Monday, March 2, 2015

Characteristics Of A Maine Coon

A Maine coon with calico coloring

The Maine coon is a feline breed native to North America, with unknown ancestral roots. Its origin in the United States is predominant in Maine, where it is officially the state cat. It is one of the most popular and physically largest breeds of domestic cat worldwide, known for its size, rectangular shape and lengthy coat.


Characteristically, Maine coons have a large bone structure and do not reach full size until the ages of 3 to 5. Adult males weigh an average of 13 to 20 lbs., while adult females typically weigh between 7 and 12 lbs. An adult can grow as tall as 16 inches and up to 40 inches in length, including the tail. The largest Maine coon on record is a purebred male that weighs 35 lbs. and measures 48 inches long.

Coat and Coloring

Maine coons range from long-haired to medium-haired, but usually have long, flowing fur on the stomach and sides. They are most commonly brown in color with tabby markings. However, they can have any coloring other cats have, except colors that indicate crossbreeding. The coloring of a Siamese is also not a breed standard for the Maine coon. Much like their coat coloring, the eye color of Maine coons varies widely. They may have green, gold, green-gold or blue eyes.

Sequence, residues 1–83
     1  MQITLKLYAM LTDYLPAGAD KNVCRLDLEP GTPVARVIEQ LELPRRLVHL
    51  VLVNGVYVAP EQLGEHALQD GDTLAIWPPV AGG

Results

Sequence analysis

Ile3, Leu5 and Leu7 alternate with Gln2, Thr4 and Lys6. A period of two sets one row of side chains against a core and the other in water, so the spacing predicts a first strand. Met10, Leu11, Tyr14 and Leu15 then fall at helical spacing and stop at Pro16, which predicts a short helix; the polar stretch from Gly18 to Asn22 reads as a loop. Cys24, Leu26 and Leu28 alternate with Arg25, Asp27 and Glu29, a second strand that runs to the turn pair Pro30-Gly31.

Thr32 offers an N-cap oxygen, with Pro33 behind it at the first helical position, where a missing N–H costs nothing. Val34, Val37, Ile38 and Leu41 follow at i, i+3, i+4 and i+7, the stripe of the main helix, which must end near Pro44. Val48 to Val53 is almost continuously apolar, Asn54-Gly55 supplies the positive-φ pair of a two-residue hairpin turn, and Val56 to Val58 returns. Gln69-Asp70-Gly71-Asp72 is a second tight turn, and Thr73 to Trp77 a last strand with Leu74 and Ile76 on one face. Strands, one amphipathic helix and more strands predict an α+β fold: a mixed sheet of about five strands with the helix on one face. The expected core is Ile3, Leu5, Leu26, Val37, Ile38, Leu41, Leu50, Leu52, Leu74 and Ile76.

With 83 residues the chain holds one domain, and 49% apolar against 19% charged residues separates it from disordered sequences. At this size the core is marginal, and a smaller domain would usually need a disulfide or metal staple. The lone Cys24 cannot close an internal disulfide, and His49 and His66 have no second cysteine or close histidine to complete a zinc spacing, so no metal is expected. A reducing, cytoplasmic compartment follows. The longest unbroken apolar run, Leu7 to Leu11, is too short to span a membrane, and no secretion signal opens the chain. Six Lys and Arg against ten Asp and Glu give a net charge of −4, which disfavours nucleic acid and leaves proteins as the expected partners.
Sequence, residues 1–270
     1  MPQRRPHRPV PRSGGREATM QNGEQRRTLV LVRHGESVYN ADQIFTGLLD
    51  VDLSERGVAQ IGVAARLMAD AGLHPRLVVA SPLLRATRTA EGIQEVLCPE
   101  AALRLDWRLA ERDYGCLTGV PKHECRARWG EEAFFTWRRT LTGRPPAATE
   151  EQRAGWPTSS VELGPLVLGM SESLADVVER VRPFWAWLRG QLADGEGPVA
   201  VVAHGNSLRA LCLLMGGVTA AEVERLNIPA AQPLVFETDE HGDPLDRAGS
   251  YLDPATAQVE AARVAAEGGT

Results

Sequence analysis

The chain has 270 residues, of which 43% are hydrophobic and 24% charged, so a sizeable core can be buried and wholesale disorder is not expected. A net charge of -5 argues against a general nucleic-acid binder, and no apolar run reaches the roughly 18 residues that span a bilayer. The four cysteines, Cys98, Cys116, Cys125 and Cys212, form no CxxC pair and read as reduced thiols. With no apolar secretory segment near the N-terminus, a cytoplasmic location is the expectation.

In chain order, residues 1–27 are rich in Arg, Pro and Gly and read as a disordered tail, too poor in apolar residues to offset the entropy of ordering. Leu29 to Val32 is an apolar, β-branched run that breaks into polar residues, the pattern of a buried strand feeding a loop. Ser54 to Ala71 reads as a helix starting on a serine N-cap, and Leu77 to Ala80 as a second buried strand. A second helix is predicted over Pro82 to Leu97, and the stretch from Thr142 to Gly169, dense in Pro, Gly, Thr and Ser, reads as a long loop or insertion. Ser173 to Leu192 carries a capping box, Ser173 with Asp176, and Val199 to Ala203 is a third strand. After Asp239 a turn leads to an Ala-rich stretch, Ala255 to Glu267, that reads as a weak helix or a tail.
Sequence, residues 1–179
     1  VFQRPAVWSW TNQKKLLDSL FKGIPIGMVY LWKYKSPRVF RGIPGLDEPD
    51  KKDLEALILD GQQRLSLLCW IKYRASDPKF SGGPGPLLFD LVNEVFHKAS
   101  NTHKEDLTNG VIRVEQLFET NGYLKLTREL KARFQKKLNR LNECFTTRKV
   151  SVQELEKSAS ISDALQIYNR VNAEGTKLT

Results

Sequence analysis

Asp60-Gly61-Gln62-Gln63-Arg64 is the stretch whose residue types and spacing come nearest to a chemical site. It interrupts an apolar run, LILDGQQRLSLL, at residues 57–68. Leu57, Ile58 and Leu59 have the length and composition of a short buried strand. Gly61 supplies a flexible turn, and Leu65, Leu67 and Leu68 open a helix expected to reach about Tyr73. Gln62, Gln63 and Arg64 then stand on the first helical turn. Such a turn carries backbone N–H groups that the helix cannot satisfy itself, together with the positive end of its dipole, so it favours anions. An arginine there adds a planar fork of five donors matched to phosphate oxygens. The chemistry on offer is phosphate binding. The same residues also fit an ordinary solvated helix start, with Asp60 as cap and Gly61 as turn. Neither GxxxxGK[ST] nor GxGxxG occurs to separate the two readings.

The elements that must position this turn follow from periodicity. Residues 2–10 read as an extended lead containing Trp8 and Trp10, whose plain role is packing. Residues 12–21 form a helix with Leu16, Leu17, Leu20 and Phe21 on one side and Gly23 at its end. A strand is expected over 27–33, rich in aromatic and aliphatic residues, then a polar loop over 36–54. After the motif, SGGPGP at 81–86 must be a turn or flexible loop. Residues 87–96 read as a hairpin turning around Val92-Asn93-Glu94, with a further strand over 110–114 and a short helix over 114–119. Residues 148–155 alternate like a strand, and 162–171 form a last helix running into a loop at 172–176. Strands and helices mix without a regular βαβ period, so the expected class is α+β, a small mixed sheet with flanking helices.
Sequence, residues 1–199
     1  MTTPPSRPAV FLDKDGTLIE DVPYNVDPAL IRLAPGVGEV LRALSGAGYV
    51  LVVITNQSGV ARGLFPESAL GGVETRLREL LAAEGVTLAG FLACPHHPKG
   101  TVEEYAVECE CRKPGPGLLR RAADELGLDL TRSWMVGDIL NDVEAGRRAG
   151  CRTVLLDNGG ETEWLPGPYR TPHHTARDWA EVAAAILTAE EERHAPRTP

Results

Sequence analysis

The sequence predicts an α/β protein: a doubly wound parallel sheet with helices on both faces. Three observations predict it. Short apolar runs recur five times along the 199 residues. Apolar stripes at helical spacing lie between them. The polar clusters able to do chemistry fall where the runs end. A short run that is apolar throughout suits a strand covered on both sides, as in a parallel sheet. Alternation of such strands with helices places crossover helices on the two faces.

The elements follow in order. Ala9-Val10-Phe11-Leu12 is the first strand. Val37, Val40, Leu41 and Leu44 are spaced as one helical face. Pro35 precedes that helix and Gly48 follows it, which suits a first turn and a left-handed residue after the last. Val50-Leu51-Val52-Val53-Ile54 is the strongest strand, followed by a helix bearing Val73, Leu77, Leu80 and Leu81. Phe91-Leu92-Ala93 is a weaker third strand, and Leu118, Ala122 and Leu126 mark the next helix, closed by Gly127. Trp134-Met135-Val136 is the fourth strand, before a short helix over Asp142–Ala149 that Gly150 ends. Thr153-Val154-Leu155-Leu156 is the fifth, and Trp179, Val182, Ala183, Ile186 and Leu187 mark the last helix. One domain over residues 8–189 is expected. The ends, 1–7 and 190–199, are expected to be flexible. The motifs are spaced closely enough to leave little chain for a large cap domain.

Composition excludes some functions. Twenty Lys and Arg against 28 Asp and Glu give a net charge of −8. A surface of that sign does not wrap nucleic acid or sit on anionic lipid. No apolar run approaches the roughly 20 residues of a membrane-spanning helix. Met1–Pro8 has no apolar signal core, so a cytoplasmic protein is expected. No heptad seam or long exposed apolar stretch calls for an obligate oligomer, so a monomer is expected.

Maine coons are gentle and affectionate pets. They are loyal to those they know and mildly tentative around strangers, yet never aggressive. Their tranquil disposition makes them relaxed toward other cats, children and even dogs. They have above-average intelligence and remain playful throughout their lives. Unlike the stereotypical cat, many Maine coons possess a curious interest in water.


While the Maine coon is a healthy breed in general, they are still susceptible to the same genetic diseases as other cats. The greatest medical threat is feline hypertrophic cardiomyopathy (HCM), which may cause heart failure, paralysis of the hind legs or sudden death. Another potential ailment is spinal muscular atrophy (SMA), which can usually be detected by the time the animal is 3 to 4 months old. This disease can lead to muscle weakness, muscle atrophy and premature death. Hip dysplasia, a hip joint dysfunction that can cripple the animal or result in arthritis, is another illness to be wary of, though meticulous screening has helped wipe the breed clean of the disorder. Lastly, polycystic kidney disease (PKD) is an incurable hereditary ailment with symptoms occurring around 7 years of age. This disease leads to irreversible renal failure.

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